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Giving you the full details on equity release horror stories, and the best alternatives if you need to turn your property into quick cash...

In our lives, there’s always a time when we could all do with a bit of extra money. Whether that’s because we want to go on a holiday or do a good bit of shopping, there’s always a moment we all think ‘if I just had a bit of extra cash…’

Equity release makes this dream a reality, allowing individuals to ‘release’ some of the equity invested into their home, without the need to sell or move out.

But is it as simple as it seems?

Six out of ten homeowners aged over 55 say they would never consider equity release, according to new research. ‘Why?’ I hear you ask.

Well because although equity release sounds like a good idea in principle, there are actually many equity release horror stories, which will leave you wondering what the alternatives are when you need some quick cash…

Ready to see what equity release is all about and how bad these equity release horror stories are?

What is equity release?

Equity release is a broad term which refers to a way of releasing cash invested in your home, without having to sell and move out.

There are two different options when it comes to equity release, and these are:

Lifetime house repayments

A lifetime mortgage is the most common form of equity release in the UK. This allows individuals to take out a house repayments secured on the property, whilst still retaining ownership of their home, providing that the property serves as the main residence.

When the individual dies or moves into long-term residential care, the house sells in probate and the money made will go towards the house repayments payment.

Those who take a lifetime mortgage have the option of making payments on the house repayments or allowing interest payments to be collected as part of the debt.

Home reversion

This allows individuals to sell part of their house to a reversion provider, allowing them to still live in the property. The reversion provider will either give a lump sum or periodic payments for the part of the property which has been sold.

The homeowner can continue living in the property, without having to pay rent on the part of the home they sold. However, they must continue to maintain and insure that part of the house.

There is also the option of utilising a tactic called ‘ring-fencing’. In this situation, homeowners can secure part of the property for inheritance, whilst selling the rest of the property.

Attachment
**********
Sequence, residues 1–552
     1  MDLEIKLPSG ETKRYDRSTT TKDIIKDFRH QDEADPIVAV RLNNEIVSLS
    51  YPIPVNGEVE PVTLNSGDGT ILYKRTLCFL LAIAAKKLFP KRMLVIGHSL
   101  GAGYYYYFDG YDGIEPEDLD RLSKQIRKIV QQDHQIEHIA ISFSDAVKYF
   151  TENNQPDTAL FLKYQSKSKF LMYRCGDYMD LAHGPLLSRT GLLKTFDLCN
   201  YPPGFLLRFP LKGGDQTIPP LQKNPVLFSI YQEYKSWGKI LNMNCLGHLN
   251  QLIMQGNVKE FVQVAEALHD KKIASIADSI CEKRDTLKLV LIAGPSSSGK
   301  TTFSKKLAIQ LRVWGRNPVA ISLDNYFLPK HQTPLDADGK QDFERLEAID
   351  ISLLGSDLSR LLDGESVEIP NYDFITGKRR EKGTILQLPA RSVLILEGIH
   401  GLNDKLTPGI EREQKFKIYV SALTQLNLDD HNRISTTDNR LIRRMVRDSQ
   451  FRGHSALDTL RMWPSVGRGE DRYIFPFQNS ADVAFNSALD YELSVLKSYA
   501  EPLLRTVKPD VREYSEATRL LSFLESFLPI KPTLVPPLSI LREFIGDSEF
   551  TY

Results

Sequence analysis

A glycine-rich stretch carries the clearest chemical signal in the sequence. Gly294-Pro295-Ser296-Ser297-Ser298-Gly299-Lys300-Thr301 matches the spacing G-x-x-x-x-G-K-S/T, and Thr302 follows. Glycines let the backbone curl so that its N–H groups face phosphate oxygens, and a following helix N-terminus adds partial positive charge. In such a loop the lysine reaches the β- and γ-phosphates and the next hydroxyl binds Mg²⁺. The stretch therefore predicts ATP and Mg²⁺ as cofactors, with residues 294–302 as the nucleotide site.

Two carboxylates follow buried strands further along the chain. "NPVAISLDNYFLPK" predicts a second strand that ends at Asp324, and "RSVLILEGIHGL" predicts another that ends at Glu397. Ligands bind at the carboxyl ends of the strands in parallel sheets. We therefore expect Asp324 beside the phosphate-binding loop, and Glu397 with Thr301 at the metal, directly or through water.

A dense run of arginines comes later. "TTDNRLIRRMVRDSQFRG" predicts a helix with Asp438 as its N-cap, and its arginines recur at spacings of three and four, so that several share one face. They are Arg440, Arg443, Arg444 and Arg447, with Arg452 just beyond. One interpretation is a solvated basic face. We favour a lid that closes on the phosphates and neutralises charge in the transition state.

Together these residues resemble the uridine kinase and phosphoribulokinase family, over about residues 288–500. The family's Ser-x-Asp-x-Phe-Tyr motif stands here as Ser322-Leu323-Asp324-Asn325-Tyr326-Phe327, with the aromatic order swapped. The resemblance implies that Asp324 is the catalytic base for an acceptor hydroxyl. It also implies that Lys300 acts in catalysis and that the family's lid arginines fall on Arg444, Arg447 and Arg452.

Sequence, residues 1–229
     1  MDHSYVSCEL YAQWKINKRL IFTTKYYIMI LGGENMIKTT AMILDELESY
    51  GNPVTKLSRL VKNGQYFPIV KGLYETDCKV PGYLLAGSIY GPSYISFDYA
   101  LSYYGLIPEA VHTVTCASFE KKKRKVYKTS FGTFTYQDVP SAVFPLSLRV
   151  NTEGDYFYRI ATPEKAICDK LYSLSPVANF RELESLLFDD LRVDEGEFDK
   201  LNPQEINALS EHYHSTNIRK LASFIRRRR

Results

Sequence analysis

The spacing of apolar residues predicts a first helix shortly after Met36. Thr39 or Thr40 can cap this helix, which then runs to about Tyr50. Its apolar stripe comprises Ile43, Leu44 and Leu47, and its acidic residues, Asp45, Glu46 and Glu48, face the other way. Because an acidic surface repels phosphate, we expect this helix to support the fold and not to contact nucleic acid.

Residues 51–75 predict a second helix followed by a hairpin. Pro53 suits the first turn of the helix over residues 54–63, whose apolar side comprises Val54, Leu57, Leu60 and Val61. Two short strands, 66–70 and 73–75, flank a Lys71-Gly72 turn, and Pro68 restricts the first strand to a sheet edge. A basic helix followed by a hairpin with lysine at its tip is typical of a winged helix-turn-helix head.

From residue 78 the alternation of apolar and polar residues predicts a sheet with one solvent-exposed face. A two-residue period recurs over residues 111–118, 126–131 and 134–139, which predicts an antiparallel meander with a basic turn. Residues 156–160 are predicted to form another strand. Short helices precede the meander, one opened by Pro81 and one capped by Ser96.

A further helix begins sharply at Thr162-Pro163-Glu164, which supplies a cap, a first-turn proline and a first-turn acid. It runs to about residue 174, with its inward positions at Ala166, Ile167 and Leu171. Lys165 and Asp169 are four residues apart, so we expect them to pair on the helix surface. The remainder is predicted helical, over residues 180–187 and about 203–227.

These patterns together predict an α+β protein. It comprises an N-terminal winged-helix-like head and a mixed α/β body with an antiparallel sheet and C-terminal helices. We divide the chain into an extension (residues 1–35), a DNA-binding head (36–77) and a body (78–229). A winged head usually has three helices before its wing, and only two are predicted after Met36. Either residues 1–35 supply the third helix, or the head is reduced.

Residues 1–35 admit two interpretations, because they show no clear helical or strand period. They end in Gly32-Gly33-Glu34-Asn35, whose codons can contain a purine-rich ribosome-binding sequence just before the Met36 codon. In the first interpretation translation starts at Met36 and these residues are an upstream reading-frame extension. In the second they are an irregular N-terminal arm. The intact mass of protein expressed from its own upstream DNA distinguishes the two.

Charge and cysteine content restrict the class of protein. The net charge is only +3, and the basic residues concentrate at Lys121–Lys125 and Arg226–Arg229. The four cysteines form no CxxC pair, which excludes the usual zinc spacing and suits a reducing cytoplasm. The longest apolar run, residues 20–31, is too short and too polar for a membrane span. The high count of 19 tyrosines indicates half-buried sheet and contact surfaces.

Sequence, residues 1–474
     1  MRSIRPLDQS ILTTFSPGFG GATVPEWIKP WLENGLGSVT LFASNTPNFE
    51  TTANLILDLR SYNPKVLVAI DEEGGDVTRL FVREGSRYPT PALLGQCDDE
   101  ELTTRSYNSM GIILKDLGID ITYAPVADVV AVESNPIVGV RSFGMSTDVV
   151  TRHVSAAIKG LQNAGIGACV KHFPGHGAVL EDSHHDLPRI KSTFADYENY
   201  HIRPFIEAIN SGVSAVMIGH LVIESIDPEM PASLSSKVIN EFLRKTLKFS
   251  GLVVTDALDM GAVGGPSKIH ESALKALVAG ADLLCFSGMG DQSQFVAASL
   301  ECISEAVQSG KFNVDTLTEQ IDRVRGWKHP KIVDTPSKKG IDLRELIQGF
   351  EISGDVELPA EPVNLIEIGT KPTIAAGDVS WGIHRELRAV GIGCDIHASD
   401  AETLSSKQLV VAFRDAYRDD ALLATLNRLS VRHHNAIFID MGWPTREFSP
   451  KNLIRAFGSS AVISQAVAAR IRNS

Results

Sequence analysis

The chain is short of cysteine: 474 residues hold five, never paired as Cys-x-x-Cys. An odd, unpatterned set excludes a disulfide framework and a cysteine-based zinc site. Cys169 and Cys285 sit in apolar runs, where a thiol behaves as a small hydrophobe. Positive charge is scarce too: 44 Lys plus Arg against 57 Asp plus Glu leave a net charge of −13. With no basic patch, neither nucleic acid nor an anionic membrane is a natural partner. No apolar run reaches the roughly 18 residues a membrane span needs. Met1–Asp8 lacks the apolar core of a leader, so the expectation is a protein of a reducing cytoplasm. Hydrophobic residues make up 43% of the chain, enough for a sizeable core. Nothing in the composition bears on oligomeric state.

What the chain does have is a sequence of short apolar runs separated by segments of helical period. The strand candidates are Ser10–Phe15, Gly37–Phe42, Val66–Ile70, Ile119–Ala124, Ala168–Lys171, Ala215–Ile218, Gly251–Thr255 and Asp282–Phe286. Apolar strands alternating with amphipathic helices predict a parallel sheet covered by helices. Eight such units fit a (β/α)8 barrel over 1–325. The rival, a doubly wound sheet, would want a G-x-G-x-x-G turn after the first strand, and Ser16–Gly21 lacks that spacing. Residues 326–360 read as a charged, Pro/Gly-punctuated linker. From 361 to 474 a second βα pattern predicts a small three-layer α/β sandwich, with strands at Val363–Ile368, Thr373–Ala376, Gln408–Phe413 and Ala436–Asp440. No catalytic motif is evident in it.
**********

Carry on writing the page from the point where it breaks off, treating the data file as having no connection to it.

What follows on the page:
Who qualifies for equity release?

Not everybody is eligible for equity release, as there are certain conditions which must be met in order to qualify, and these are as follows:

  • For a lifetime mortgage, you will need to be at least 55 years old

  • For a home reversion plan, you will need to be at least 65 years old

  • You must own the property in the UK, as your main residence

  • Your property must be in a reasonable condition and over a certain value, with there being some restrictions on the type of property accepted

  • If you have a mortgage or secured loan on your home, you may still be able to get equity release, but it will depend on the value of your home and the amount outstanding. You will have to pay off any outstanding amount at the same time as taking equity release

  • Equity release may not be suitable if you have dependents living with you and any dependents should take separate legal advice. If any dependent want to continue living with you in the property, they will likely have to sign a contract to say they understand that they don’t have the right to continue living there if you die or go into long-term residential care

Needing quick cash for your property?

Pitfalls of equity release

Sadly, although equity release sounds like a great idea to get your hands on some cash quickly, it does come with several long-term implications. It’s important you take into account the dangers of equity release before deciding to commit.

Ready to read about the pitfalls of equity release? Well, look no further…

  • Equity release reduces the value of your estate and therefore the amount that will go to the people named in your will. By your estate we mean everything you own, including money, property, investments and possessions

  • A home reversion plan will mean a reversion company owns all or a share of your home

  • Going through equity release may reduce your entitlement to benefits, either now or in the future

  • If you have care in your home funded fully or partially by the local council, they may start to charge your or ask you to pay more.

Equity release horror stories

Alongside the pitfalls of equity release, there are also lots of common equity release horror stories. We have them detailed here for you, alongside a ‘real life’ example of an equity release horror story, which you will definitely want to read before deciding if equity release is right for you…

Negative equity

One of the common equity release horror stories is when the interest charged on the equity release surpasses the value of the property, meaning the borrower is left owing A LOT more than the property is worth.

Compound interest

With equity release, the interest paid is compound interest, meaning the amount of interest racks up quicker, as you’re paying interest on interest. This means, by the time it comes to paying back the loan, it has ballooned significantly (which you will see further down in the ‘real life’ example of an equity release horror story…)

Early repayment charges

Another one of the common equity release horror stories, is equity release lenders placing high early repayment fees to discourage borrowers from using them as a short-term lending facility.